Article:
Brokers' last stand: Aggregators to sell within 18 months

by Ben Abbott14 Mar 2012

A number of the industry's remaining independent aggregators will sell within 18 months, according to AFG's managing director Brett McKeon.

Speaking to Australian BrokerNews after being forced to deny peristent rumours that his own business was for sale, McKeon said that the broking industry faced a period of unprecedented consolidation, and that small business brokers would be negatively affected.

"I think the industry has continued to consolidate over the last few years," McKeon said.

"You have NAB brokers now - not PLAN, Choice or FAST brokers - and that is a huge block of the industry. Then you have Mortgage Choice and Aussie with a 'big brother' on their register," he said.

McKeon said when AFG's broker network is taken into account - with about 25% of the industry - the picture was clear. "If that is not consolidated, then I don't know what is," he said.

McKeon said of the remaining independent aggregators "two or three" would likely be sold within 18 months, bringing about a fully mature industry with little opportunity for new players.

"The voice for the industry is being diminished, and because of that consolidation into the hands of manufacturers, it will have a negative impact on brokers in the medium term," he said.

"How much [impact] is still to play out; but the fact we are still here is positive for them and the industry more broadly," he said.

In recent years, NAB acquired Challenger-owned aggregators PLAN, Choice and FAST, while CBA has obtained stakes in Aussie, and more recently Mortgage Choice via Count Financial.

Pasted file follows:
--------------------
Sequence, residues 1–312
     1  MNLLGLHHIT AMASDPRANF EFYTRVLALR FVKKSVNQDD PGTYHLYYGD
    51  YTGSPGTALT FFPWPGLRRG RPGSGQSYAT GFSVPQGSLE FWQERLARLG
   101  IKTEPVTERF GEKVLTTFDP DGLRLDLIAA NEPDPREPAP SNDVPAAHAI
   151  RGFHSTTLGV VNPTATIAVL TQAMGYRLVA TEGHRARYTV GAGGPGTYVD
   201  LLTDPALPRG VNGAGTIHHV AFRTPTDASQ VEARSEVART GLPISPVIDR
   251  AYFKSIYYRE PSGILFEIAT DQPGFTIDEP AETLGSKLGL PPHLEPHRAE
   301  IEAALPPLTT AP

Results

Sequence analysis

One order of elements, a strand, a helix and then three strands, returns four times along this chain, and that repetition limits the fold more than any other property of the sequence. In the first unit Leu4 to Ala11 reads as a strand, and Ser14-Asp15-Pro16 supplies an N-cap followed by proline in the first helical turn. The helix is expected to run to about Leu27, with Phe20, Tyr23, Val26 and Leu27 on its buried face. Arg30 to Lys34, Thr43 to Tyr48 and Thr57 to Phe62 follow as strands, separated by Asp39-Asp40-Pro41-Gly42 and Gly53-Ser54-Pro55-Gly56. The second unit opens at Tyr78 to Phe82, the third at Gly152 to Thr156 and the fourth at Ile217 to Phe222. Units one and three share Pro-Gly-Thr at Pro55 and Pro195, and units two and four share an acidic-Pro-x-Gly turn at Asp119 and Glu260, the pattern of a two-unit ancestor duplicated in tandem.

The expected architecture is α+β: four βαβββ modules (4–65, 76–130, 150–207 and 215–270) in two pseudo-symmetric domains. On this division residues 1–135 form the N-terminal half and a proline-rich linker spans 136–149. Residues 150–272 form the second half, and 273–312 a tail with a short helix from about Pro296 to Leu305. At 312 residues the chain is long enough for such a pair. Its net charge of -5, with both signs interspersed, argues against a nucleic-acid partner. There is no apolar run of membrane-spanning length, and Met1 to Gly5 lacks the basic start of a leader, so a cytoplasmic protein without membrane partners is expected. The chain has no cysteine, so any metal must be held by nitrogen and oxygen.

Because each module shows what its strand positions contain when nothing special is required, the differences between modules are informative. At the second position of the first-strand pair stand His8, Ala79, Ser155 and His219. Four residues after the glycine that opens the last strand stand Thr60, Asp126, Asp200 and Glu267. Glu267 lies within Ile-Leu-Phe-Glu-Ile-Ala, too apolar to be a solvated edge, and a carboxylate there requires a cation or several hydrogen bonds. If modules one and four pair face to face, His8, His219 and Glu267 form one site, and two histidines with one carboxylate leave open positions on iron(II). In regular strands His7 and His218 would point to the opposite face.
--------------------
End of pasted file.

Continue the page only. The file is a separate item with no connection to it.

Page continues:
McKeon said that AFG's independence is and remains a key differentiator in the mortgage market.

"I think that is why a lot of brokers are coming to us, because they know we are putting their interests first, and that we are not a voice owned by a bank, we are not speaking as a manufacturer," he said.

"We also haven't just set up to sell which maybe some of the others have ultimately done, or are doing," he added.

McKeon laid the blame for AFG 'for sale' rumours at the feet of competing aggregators who may themselves be for sale to institutions and were frustrated by AFG's winning large corporate tenders.

Related stories:

AFG not for sale: Hewitt



  • by ozboy 14/03/2012 9:05:29 AM

    He said, she said, none of this helps anyone. At the end of the day businesses will change hands and sometimes it's good for their customers other times it's not. Life goes on.

  • by BJ 14/03/2012 10:24:59 AM

    Brett McKeon has concisely summarised the post GFC market. Where to from here? As he suggests, some further consolidation then we get to see what type of strategy pressure the major institutions attempt to impose on the channel. The 'damn it! I own it and it will do as it's told' approach, or the 'i will work with the customers (ie the Brokers)and get the best result' approach. Our major institutions can have a tendency to mix all of this up, despite their best intentions. Technology will be crucial, and AFG are well positioned there, as against some of the legacy system dilemmas others face in a consolidating market. Who runs a system where one set of inputs satisfies the multiple procedural responsibilities of Brokers?

  • by Aydn O'Neill 14/03/2012 10:33:26 AM

    Hopefully AFG and the small few remain independant of the banks. Can you imagine as a broker what the lending market landscape would look like if the banks had control over all of the aggregators. Scary prospect I think.